National Economic Council Director Larry Kudlow said the American economy is still beating the rest of its global rivals despite stock-market volatility.
“We are the hottest economy in the world right now. We’re crushing it,” Kudlow told CNBC. “Europe is slowing down. Asia is slowing down. We are moving rapidly,” the veteran financial guru and former Ronald Reagan adviser said.
“Right now, the U.S. is carrying the ball. I don’t see an end to it,” said Kudlow, who worked as Reagan’s budget deputy between 1981 and 1985.
“You can have the short-term oscillations in certain business indicators, but look at the big picture. The big picture is we are growing faster than almost anybody dreamed possible, I think it's the biggest story of 2018, I really do. We are in a economic boom most folks thought was impossible,” he said.
Kudlow contends that the economic strength is built upon very real, solid fundamentals.
“With all due respect, I don’t think this is anything resembling a sugar high. President Trump has changed the incentives in the economy. The war on business is over,” said Kudlow, who served as the Trump campaign's senior economic adviser.
Kudlow isn’t concerned with the market selloff, which he called “a normal correction in a bull market” because most of the recent economic reports have been “spectacular.”
“Paychecks are getting fatter blue-collar workers are going back to work I'm saying this because the economy is very, very sound and although I'm not here to predict the stock market,” said Kudlow.
“The reality is, if you have a strong economy that will provide confidence for stocks, but corrections come and go,” he said.
Wall Street indexes continued their slide in Thursday’s volatile session as investors worried about rising interest rates and braced for a trade war hit to corporate earnings a day ahead of the quarterly reporting season kickoff, Reuters reported.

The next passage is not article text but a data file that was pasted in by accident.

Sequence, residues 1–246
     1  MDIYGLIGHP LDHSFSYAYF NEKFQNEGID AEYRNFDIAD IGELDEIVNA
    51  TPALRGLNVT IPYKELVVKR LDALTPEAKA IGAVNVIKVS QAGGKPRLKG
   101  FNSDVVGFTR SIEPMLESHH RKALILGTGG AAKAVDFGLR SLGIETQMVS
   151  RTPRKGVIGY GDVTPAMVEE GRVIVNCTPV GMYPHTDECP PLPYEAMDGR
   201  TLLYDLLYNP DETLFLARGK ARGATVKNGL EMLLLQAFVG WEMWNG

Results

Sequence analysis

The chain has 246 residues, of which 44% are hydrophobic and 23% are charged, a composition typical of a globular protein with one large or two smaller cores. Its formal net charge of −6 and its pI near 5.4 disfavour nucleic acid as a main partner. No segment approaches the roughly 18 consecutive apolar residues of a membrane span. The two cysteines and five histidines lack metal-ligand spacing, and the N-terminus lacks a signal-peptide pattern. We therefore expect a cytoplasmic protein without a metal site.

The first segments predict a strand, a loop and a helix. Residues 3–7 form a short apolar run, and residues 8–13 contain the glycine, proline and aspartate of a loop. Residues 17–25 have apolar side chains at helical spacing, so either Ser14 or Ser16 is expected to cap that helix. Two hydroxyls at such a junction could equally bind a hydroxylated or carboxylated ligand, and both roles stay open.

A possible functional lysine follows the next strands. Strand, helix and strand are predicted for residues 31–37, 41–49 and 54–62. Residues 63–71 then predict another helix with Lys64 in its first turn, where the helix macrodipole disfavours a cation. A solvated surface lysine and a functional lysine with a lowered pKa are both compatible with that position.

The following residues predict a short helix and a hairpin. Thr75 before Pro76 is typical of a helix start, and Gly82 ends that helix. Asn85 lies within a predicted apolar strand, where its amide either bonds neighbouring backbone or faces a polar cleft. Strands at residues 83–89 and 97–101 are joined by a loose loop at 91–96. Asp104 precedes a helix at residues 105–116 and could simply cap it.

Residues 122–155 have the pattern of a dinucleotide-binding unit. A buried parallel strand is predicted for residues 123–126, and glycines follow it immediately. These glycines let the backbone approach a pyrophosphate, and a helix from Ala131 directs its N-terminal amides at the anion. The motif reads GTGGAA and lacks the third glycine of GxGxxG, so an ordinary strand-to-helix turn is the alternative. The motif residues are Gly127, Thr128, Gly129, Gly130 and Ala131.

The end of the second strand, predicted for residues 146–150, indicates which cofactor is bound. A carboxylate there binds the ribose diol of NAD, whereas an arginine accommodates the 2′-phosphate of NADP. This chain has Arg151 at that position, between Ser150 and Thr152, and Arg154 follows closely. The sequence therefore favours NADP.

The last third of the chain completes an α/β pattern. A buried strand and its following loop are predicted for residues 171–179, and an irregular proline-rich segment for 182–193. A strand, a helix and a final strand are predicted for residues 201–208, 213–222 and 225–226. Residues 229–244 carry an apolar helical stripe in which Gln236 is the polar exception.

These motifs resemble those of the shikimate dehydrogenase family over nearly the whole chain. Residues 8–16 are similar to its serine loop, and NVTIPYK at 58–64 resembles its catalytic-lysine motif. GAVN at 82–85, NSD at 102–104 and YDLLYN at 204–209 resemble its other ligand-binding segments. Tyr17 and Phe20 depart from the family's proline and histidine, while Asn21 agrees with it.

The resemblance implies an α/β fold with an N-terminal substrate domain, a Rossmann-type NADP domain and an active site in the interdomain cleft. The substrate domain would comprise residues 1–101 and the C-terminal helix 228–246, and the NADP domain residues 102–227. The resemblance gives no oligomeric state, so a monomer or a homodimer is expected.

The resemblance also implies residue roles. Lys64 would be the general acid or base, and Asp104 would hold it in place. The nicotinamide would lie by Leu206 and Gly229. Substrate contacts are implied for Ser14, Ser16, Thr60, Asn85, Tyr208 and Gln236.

Investors worried that equity markets would have trouble recovering as rising interest rates coincide with uncertainty about how much earnings growth would be hurt by a U.S. trade war with China.
After hitting an intraday high of 28.84, the CBOE Volatility Index, popularly known as the “fear gauge,” ended the day up 2 points at 24.98, its highest close since Feb. 12.
Obviously, not everyone is as optimistic as Kudlow.
“We are going a fairly significant pull-back in the final quarter (of 2018),” said Bernard Baumohl, managing director and chief global economist of the Economic Outlook Group, Princeton, New Jersey.
“We saw this, the market couldn’t conceivably continue to rise, it couldn’t conceivably maintain its strength in the face of rising short- and long-term interest rates,” he told Reuters.
“Ironically this is also occurring at a time when the economic expansion was beginning to show signs of wear and tear. The U.S. economy is beginning to lose some steam. We saw it in consumer spending, we’ve seen it in home sales, and in auto purchases.”
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